SAN FRANCISCO — Facebook is losing young users at an even faster clip to Snapchat than previously forecast, according to new research from eMarketer.
Less than half of U.S. Internet users ages 12 to 17 will use Facebook this year for the first time, the research firm says.
And the giant social network can no longer count on Instagram to help retain that younger audience, according to eMarketer.
Facebook will lose 2 million users under 25 this year, eMarketer estimates. Not all of those users are migrating to Instagram, also owned by Facebook.
Instagram will add 1.6 million users in that age group while Snapchat will add 1.9 million users, according to eMarketer. The research firm, which bases its analysis on survey and traffic data from research firms and regulatory agencies, Facebook press releases, historical trends, Internet and mobile trends and other factors, says Snapchat will continue to have more users ages 12 to 24 than Instagram.
Facebook declined to comment.
This is just the latest in a growing body of research that suggests young people are logging in less frequently and spending less time on Facebook. What's more: There are now "Facebook nevers," children becoming tweens who are skipping Facebook altogether. Facebook requires members to be 13 to sign up, though many kids under that age access social media by having their parents start their account.
EMarketer analyst Debra Aho Williamson says her teenage daughter lost access to her Facebook account when she got a new phone two months ago. "Sometimes she says to me: 'My Facebook doesn't work.' But she doesn't ask me to get it going for her again."
With more than 2 billion users, Facebook is still the world’s most popular online hangout. But for years now, the social network’s growth in the U.S. has been driven by older users. The number of total users in the U.S. this year will grow by just less than 1% to 169.5 million, according to eMarketer. And eMarketer expects Facebook’s proportion of social network users in the U.S. to continue to decline through 2021.
This is the second time in less than six months that eMarketer has warned about the fading appeal of Facebook for teens. It's a grown-up problem for Facebook, which needs young users to develop the habit of checking Facebook so it can show them advertising into adulthood. Late last year, Facebook launched a kids version of its Messenger app targeted at 6- to 12-year-olds, igniting debate over whether children that young should be using social media.
Julie Smith, a social scientist in Denver who works with teens, says they call Facebook “the old people network.”
“Teens want that instant gratification. That’s why Snapchat and Instagram work well for them. Their minds move quickly,” Smith says. “Facebook feels like an investment of their time, and they don’t want to invest their time in it.”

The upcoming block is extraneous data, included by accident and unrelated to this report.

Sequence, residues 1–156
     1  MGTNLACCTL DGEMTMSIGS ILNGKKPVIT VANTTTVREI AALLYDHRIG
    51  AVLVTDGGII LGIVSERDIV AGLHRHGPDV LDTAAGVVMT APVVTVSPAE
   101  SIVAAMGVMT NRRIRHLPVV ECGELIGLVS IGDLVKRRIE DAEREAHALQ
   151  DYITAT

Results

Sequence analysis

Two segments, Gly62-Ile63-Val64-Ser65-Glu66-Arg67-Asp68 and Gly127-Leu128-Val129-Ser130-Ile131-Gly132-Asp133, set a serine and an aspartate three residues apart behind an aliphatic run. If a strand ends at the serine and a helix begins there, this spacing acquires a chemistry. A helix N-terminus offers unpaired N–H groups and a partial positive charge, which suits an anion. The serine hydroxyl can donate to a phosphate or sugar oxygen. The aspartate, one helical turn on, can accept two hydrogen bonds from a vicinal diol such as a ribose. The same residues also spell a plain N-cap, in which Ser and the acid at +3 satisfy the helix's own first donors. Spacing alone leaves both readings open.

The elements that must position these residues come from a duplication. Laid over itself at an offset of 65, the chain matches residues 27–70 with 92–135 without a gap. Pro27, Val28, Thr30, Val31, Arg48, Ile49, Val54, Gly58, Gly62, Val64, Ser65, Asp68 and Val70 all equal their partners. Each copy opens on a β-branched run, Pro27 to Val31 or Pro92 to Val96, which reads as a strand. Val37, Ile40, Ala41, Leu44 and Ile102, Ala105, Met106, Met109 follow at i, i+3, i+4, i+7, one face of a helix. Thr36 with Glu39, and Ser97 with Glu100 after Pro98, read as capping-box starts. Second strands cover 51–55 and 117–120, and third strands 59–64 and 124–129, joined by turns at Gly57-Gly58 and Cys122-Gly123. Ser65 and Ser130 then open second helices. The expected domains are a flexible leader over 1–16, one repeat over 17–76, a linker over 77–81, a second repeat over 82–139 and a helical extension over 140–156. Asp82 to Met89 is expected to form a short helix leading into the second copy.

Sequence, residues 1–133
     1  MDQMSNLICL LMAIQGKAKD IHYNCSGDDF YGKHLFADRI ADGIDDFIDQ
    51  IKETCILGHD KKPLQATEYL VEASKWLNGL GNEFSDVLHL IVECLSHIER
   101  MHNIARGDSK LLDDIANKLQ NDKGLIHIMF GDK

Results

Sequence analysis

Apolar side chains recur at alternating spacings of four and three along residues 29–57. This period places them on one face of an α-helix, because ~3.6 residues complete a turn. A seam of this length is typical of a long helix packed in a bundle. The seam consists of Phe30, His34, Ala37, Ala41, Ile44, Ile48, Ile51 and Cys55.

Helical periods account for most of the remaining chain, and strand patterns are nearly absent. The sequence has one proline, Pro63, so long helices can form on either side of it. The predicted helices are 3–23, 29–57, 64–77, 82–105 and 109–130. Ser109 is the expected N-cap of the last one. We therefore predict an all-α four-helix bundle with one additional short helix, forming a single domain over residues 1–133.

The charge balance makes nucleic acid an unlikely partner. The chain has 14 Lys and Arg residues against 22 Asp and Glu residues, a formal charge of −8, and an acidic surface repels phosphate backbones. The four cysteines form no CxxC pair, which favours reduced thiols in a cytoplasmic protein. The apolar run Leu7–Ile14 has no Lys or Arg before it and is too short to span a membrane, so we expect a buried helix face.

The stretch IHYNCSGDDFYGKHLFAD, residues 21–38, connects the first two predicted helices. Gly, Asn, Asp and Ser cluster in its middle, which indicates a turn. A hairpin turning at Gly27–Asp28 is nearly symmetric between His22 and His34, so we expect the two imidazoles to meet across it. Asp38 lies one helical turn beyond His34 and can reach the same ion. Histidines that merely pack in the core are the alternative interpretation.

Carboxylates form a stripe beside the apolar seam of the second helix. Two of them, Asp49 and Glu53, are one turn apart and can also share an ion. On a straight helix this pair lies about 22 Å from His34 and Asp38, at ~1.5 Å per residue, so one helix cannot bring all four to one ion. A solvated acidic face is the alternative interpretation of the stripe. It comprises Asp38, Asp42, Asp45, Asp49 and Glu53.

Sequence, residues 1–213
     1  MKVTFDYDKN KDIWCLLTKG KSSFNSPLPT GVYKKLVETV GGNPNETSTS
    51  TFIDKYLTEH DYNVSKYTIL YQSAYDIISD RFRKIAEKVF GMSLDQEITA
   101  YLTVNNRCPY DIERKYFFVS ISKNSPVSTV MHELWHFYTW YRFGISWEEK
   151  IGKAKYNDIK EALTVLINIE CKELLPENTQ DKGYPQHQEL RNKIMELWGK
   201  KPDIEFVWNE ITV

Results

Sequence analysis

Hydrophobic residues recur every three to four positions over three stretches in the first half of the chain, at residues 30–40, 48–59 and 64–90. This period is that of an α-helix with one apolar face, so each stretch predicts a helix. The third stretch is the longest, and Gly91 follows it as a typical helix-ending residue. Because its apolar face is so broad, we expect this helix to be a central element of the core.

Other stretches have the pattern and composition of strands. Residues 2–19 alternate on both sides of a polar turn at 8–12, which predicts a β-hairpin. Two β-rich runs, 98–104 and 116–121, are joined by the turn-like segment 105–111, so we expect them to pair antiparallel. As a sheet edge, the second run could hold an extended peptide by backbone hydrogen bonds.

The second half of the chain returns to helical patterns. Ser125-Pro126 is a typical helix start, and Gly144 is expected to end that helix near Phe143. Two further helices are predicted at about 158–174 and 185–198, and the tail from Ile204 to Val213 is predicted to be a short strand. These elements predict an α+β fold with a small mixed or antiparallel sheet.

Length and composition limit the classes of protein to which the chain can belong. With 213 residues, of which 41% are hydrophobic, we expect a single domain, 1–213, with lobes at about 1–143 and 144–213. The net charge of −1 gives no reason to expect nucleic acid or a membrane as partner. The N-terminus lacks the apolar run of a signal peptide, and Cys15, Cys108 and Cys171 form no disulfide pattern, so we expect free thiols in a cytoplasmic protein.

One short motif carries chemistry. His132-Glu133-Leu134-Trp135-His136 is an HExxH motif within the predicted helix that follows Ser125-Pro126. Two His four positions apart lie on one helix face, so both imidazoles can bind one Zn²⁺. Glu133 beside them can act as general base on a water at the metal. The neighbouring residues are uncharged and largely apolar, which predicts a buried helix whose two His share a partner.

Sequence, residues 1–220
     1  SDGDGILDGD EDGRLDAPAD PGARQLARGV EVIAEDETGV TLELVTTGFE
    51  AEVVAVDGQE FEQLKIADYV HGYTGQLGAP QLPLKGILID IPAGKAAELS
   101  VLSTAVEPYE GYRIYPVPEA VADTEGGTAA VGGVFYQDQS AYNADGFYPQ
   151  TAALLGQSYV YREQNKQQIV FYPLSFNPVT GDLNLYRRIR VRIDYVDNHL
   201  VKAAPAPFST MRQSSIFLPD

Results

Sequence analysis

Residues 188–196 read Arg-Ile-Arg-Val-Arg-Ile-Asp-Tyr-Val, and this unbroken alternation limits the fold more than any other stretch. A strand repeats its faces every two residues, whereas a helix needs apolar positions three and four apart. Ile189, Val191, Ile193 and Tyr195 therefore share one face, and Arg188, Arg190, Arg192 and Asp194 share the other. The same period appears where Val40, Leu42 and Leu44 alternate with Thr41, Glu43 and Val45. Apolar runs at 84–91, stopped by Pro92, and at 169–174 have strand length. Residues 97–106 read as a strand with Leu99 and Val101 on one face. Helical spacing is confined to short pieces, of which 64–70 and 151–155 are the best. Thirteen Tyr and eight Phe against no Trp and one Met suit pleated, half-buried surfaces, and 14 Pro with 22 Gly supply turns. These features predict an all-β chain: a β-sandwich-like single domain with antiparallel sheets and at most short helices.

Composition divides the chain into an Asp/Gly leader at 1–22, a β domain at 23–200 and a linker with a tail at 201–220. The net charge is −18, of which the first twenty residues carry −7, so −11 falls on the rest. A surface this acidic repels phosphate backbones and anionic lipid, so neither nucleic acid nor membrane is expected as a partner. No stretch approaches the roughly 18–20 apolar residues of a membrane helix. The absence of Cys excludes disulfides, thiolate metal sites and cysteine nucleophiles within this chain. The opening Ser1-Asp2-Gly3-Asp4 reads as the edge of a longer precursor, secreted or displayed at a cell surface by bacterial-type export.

Smith’s 17-year-old son Finnegan, who spends the bulk of his social media time on Snapchat and occasionally Instagram, recently deleted the Facebook account that he rarely used. Facebook, he says, "was too much to keep track of."
The ephemeral nature of Snapchat is a big draw for teens. So, too, is the ability to communicate one on one or in smaller groups. Teens have had warnings drilled into them that one wrong move on Facebook could hurt their chances of getting into college or landing a job so they like the ability to be more selective about what they share and with whom, Finnegan Smith says.
“Snapchat is what a lot of people use just because it’s really easy to connect with people one on one and you can choose to share with a lot of people or you can choose to have it be more private,” he said. “I don’t think Facebook panders to teenagers as well as it does to older generations. I think that’s definitely something they need to work on.”
Facebook use among those younger than 12 will decline 9.3% in 2018, eMarketer predicts. Growth among 12-to-17-year-olds and 18-to-24-year-olds will decrease by more than 5%.
This is the first time eMarketer has predicted a decline in Facebook usage among 18- to 24-year-olds and those younger than 12.
Instagram is still bigger overall in the U.S. than Snapchat. The number of Instagram users will total 104.7 million users, up 13.1% year over year. Snapchat is expected to increase 9.3% to 86.5 million users.
Facebook bought Instagram in 2012 for $1 billion in search of the social media fountain of youth. It admitted in 2013 that young people were hanging out on Facebook less frequently.
"Facebook knew they needed something else in their arsenal to keep the interests of teens and young people, and to a large extent, Instagram has done that," Williamson said.
When Facebook's $3 billion-plus takeover offer was rebuffed by Snap, the parent company of Snapchat, the social network began cloning the buzzy chat app's features on Facebook and Instagram.
That has not made a difference to Smith, who says he may open a Facebook account again someday. But not right now.
"I’m not sure anything could bring me back to the site at this moment in time,” he said. “With the wide variety of social media out there, it’s easy for everyone to find something that fits them well. For a lot of people, that’s something like Facebook. For a lot of people, that’s something like Twitter. For a lot of people, that’s something like Snapchat. Everyone has their social media match when it comes to these sites. For now, for me, that’s not Facebook.”